24 03, 2014

Man Charged over Dinosaur Footprint Theft In Utah

By | March 24th, 2014|Dinosaur and Prehistoric Animal News Stories, Main Page, Palaeontological articles|0 Comments

Man Charged with Stealing Fossilised Dinosaur Footprint

A grand jury has charged a resident of the town of Moab (Grand County, eastern Utah), with four federal offences related to the theft and subsequent loss of a fossilised dinosaur footprint from Bureau of Land Management administered land.  Thirty-five year old, Jared Frederick Ehlers has been indicted on one count each of removal of palaeontological resources, depredation of government property, destruction of evidence and theft of government property.  The motive for the removal of the three-toed dinosaur footprint from a sandstone ridge near to the Hell’s Revenge off-road jeep trail and the alleged subsequent dumping of the fossil in the Colorado river remains unclear, however, given the high prices the sale of such fossil material can fetch on the black market, it is suspected that the fossil was stolen for commercial gain.

Staff have been monitoring the progress of the investigation closely since Everything Dinosaur team members carried the story of the fossil theft on this blog back on February 22nd.

To read about the fossil theft: Dinosaur Footprint Stolen in Utah

Over the weekend of 8th/9th March, Utah State officials organised a dive team to search an area of the Colorado River as it was believed that the fossil specimen had been thrown into the water from the Dewey Bridge but despite an intense search the fossil was not retrieved.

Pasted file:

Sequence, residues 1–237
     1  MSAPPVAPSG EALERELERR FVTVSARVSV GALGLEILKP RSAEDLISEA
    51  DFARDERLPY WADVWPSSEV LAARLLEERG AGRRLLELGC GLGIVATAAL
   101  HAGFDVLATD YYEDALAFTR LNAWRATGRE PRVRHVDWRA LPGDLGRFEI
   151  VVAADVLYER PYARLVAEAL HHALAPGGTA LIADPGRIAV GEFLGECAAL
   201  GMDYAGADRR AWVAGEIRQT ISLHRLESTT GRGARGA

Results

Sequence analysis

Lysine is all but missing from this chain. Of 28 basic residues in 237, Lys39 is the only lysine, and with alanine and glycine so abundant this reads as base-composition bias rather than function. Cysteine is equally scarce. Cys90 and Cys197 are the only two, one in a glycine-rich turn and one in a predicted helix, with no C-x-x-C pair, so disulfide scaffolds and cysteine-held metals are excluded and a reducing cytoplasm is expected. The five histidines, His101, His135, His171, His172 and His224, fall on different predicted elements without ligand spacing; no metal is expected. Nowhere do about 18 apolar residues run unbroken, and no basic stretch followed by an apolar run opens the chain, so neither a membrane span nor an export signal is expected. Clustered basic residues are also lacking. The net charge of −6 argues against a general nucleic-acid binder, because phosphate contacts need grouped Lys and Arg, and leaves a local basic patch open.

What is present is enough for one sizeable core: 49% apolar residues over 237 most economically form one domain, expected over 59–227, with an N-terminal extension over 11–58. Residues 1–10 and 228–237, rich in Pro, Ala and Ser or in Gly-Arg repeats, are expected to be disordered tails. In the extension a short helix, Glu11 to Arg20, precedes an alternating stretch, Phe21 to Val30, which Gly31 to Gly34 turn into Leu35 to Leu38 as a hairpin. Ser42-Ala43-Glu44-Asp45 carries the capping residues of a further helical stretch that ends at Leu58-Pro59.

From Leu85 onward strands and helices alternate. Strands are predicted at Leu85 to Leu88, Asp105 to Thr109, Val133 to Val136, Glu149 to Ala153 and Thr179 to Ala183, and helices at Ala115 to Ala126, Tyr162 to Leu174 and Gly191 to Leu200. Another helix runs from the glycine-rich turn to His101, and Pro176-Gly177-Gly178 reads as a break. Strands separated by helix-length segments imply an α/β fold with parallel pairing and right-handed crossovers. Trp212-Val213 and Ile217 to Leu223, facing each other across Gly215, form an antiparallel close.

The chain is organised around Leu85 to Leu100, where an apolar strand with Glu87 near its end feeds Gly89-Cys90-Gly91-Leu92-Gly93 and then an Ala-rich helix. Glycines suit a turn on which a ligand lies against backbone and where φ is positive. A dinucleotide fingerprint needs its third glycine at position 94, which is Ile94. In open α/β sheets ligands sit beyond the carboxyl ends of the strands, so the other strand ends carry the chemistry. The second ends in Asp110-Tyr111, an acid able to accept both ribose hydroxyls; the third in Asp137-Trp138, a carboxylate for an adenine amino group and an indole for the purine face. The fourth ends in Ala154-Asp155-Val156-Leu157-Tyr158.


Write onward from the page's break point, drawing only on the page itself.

Explaining how difficult it was to search the riverbed, Grand County Sheriff Steven White stated:

“You’re searching by Braille, everything is by hand.  You have zero visibility, you’re dealing with changing currents, you’re dealing with obstacles.  It was very hazardous diving conditions.”

The river search was instigated after a suspect came forward and informed State officials where the 190 million year old, Early Jurassic print had been allegedly dumped.  It remains unclear as to whether this person was Jared Ehlers.

Ehlers is facing prosecution under the Paleontological Resources Preservation Act, (American spelling), a law that was passed by the United States Government to help prevent the theft of fossils from public land and to prosecute any person or persons who vandalises fossils.  Violators face civil and criminal penalties including fines and possible incarceration.

Moab Man Charged with Four Federal Offences Related to Fossil Footprint Theft

Jared Ehlers facing four federal charges over alleged fossil theft

Jared Ehlers facing four federal charges over alleged fossil theft.

Picture Credit: Grand County Jail

The most serious count, that Elhers is facing, the destruction of evidence, carries a maximum prison sentence of twenty years.  The other three counts carry a maximum prison sentence of between five and ten years.  No date has been set yet for Mr Ehler’s first court appearance, if he is convicted on all four counts, he could face a maximum possible sentence of forty-five years in prison.

A spokes person from Everything Dinosaur commented:

“The federal authorities are to be congratulated for the swift and speedy way in which they have pursued this case.  However, the fossil specimen itself remains lost and as it is sandstone, it will quickly begin to erode and abrade if it remains in the river.  At this juncture, it is very hard to say whether or not the fossil will ever be recovered.  Even if the fossil is found, it may be virtually destroyed as a trace fossil.”

23 03, 2014

Dr. Phil Manning to Present at the Bollington Science Festival

By | March 23rd, 2014|Dinosaur and Prehistoric Animal News Stories, Famous Figures|0 Comments

Cayman Caves to Badland Dinosaurs: Dr. Phil Manning